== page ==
I like Intel Corp., (INTC) and I like its stock, stock price (at $26.88 as of 8/10/12 close) and dividend yield. The forward earning potential of the company is also good in my opinion but the economic hurdles we could face would end up derailing the stock from its current prices.
2013 Consensus Estimates from Analysts range from a low of $2.22 to $2.85 earnings per share with an average of $2.55. Based on the EPS of $2.22 this would recent in a P/E of roughly 12.1. In a worsening economic environment I would probably put the low EPS at $1.80 for conservative purposes which would result in a P/E of 14.93. Just providing that as a reference point to get people thinking of why it may be prudent to replace the stock with options.
The only benefit to owning the stock right now is the 3.40% dividend yield and upside price expectations that could be possible. The dividend amounts to only $0.225 per quarter; which wouldn't even compensate for a bad day's move in the market.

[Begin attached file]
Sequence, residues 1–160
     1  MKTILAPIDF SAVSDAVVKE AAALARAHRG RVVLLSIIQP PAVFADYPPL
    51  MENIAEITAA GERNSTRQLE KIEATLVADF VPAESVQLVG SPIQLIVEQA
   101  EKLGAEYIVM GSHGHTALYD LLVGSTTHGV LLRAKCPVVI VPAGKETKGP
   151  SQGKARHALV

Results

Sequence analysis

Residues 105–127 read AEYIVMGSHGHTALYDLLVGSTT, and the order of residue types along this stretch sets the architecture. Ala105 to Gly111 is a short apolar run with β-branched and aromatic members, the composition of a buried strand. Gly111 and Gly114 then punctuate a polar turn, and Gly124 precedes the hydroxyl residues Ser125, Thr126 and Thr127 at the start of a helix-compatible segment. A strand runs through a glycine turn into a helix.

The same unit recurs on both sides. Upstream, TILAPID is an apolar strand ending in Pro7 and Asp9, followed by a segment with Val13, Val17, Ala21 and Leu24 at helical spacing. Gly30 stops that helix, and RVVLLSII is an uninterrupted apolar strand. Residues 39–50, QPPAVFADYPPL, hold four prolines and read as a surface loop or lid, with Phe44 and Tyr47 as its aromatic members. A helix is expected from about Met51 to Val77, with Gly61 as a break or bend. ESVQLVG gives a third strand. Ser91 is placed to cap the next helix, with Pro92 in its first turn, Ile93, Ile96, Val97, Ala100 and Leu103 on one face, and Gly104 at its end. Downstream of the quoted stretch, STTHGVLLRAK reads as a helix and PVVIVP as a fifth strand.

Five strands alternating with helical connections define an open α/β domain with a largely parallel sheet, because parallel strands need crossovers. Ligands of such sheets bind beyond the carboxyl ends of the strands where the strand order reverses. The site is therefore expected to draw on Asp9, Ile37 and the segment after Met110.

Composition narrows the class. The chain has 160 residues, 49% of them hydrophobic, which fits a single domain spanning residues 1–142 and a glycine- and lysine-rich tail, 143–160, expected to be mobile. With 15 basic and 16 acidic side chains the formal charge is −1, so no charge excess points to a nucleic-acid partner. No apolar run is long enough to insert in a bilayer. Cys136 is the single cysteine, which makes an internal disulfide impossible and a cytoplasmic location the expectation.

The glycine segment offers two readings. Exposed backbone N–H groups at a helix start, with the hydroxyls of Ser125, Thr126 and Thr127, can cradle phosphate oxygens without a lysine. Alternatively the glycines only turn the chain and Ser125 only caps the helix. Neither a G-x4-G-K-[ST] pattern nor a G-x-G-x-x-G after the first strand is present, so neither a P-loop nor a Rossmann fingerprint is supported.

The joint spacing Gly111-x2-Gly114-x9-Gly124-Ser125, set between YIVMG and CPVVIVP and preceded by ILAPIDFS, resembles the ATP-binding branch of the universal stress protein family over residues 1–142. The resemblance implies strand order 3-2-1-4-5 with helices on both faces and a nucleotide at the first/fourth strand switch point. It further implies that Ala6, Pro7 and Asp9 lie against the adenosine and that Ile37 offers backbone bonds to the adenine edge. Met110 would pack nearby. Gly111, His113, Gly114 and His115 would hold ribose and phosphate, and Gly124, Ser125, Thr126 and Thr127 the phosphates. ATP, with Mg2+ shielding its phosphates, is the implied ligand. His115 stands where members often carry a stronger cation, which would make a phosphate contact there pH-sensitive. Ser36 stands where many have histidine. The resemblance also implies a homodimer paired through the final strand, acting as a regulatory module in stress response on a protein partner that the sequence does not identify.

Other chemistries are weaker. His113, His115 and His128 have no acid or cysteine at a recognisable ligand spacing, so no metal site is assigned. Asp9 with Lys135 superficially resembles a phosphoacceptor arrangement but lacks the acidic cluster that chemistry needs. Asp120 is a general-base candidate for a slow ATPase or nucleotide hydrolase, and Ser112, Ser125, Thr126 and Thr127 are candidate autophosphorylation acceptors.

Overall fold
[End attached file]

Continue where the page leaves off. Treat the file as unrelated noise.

So while I like the stock and think there is upside market potential I think there are broader market risks that can drag down Intel Corp. Investors can look towards Intel Corp. options market to eliminate risk to owning the underlying shares.
The investor would sell the shares of INTC and replace their current holdings (say 1,000 shares as an example) with the following option trade.
Short 5 January 2013 $24 puts for $0.70 net credit. Short 5 January 2013 $20 puts for $0.21 net credit. This would allow the investor to collect $455 in premiums or $0.455 per share and would in the worst case force the investor back into their original 1,000 shares but at an average cost of $22 per share (not counting the net credits). The investor could look at the net credit as being the dividend replacement for letting go of the shares.
This would represent an improvement in cost average from 26.88 to $22.00 or 18%.
The risk with that conservative trade is that the market rallies and INTC moves back up and makes a new 52-week high above $30 per share and the investor would only make the $26.88 sell point plus $0.455 per share.
The investor that fears missing a move to $30 or higher could look at buying January 2013 or later dated call options or call spreads to capture a portion of that move.
At this point I think it could be more prudent to think about risk management in a downside market scenario rather than upside potential lost by letting go of the underlying shares of Intel Corp.